When Mike Brown arrived in Toronto from Anaheim in the summer of 2010, it was safe to say his facial hair preceded him. The bruising winger joined the Leafs sporting an impressive Fu Manchu that helped him appear more rugged than even his 391 career penalty minutes would suggest.
Brown maintained the unique facial hair throughout the 2010-11 season, in which he recorded career highs in points (8) and assists (5) and endeared himself to fans for his relentless, physical style.
During the offseason, however, Brown knew it was time for a change of pace. The Maple Leafs had just watched the playoffs at home for the sixth-straight season, and once training camp for the 2011-12 season arrived, Brown was limited by injury.
"I was having a few injuries, so I wanted to change something up," Brown told NHL.com. "I just needed a change."
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Call it a coincidence, but as soon as Brown became clean-shaven, Toronto started winning.
The Leafs started the 2011-12 season on a tear, winning five of their first six, dropping only an overtime decision to the Colorado Avalanche.
Heading into Thursday's game against the New York Rangers at a renovated Madison Square Garden, the Leafs (5-2-1) are tops in the Northeast Division with 11 points.
Brown also appears to be on a tear, his two early assists putting him on pace for another career-high in points. Brown credits his offensive strides to increased ice time -- he's averaging just over 10 minutes a game so far -- as well as the organization's growing confidence in him. Back in February, Toronto rewarded Brown's steady aggression with a three-year contract extension worth $2.2 million.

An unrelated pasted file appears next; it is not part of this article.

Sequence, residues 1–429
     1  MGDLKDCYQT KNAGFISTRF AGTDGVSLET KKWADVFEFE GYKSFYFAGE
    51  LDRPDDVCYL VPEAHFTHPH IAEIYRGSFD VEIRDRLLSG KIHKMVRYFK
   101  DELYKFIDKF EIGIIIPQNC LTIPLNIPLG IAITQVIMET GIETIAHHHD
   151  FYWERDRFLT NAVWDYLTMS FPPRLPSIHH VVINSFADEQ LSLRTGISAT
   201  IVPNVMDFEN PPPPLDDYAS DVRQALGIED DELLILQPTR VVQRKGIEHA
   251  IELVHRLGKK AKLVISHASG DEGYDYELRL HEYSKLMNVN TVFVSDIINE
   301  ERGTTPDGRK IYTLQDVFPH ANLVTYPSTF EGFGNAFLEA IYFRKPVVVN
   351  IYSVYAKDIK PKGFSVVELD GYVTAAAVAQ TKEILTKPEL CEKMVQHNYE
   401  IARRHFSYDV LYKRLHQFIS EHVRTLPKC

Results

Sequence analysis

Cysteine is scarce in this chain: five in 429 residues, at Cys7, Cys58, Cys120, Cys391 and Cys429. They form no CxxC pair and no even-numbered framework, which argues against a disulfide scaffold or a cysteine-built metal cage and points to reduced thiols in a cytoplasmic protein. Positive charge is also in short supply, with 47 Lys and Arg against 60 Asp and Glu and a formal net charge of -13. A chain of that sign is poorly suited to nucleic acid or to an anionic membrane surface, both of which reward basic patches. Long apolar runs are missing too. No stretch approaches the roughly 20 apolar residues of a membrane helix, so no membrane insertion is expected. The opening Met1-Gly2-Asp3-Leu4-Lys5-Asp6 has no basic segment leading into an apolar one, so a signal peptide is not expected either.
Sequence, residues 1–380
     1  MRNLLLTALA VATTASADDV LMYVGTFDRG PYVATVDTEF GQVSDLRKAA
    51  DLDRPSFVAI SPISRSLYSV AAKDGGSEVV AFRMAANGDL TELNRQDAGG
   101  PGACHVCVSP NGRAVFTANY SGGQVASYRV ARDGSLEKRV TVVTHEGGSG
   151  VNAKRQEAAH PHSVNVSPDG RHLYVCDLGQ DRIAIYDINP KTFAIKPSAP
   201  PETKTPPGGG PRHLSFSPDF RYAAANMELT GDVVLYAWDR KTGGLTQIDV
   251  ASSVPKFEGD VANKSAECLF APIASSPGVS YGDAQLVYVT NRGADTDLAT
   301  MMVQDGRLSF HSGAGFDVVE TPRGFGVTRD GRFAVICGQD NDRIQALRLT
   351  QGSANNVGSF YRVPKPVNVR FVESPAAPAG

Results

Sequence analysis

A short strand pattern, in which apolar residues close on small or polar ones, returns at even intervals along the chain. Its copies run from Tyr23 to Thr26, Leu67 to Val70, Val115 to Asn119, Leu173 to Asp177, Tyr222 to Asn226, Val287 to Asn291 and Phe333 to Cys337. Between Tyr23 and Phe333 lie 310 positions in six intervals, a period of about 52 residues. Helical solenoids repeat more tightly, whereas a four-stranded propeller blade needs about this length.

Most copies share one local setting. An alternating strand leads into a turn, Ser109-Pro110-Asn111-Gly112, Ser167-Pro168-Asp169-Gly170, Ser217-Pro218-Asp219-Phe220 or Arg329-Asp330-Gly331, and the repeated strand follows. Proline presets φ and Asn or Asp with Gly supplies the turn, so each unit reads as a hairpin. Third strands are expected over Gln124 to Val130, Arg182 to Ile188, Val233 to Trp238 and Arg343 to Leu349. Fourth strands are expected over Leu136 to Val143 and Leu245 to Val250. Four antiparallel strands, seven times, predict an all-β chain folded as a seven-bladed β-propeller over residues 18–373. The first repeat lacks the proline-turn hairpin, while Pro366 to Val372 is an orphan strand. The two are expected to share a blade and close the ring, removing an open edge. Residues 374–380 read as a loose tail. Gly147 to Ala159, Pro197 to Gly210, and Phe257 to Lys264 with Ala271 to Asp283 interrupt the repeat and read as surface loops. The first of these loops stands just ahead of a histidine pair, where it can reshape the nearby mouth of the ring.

"I've played for Burkie [GM Brian Burke] before, and I obviously like the way he handles himself, the way he treats everyone and conducts everything, so I was happy to be there," Brown said. "And obviously, I couldn't complain about the extension to be with an organization like that."
When asked what the Leafs must do to maintain momentum and emerge from their Stanley Cup Playoff slumber, Brown put a premium on early-season victories.
"You know, it's the games right now that you need to win to be in position for a playoff spot at the end of the year," Brown said. "I think right now it's just about getting those points and getting into that now, because by the end of the year every team is winning and if you're down a few points, it doesn't do you any good."
As something of an elder statesman in the Leafs' locker room -- Brown is only 26, but is one of the few Leafs with playoff experience -- the fifth-year player told NHL.com that Toronto's Stanley Cup aspirations hinge on consistency.
"Last year we had some really good spots and some really bad times," Brown said. "I think basically what we're trying to do this year is be more consistent."
Consistency has been Brown's calling card throughout his five seasons. The Michigan Wolverine product has been a solid third- or fourth-line winger for Vancouver, Anaheim and now Toronto, using his limited minutes to either maintain decorum -- he's averaged a plus-1 rating across the past two seasons -- or shake things up.
Perhaps best known for his big hits, Brown says his tough-guy mentality dates back to his days with the U.S. National Team Development Program.
"I've always been a gritty, strong, tough player," Brown said. "When I played for the U.S. team, I had a few fights, and as soon as I got to the minors in Winnipeg it was more of just playing that hard game, playing more physical.
"The toughness has always been there, it was just a matter of getting the game experience."
With "Movember" right around the corner, Brown plans to let his 'stache shine once again to raise awareness for prostate cancer.
After that, Brown says he is undecided on his next beard move. But it is clear that as long as the Leafs are still on a playoff pace, the stubble comes second.